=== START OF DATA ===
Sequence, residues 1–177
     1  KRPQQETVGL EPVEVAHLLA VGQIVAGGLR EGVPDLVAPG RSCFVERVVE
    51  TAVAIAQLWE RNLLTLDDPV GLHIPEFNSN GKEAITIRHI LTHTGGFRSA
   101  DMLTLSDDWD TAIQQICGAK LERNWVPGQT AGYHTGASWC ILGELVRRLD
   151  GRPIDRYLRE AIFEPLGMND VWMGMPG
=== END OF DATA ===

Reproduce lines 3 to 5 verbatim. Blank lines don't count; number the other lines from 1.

    51  TAVAIAQLWE RNLLTLDDPV GLHIPEFNSN GKEAITIRHI LTHTGGFRSA
   101  DMLTLSDDWD TAIQQICGAK LERNWVPGQT AGYHTGASWC ILGELVRRLD
   151  GRPIDRYLRE AIFEPLGMND VWMGMPG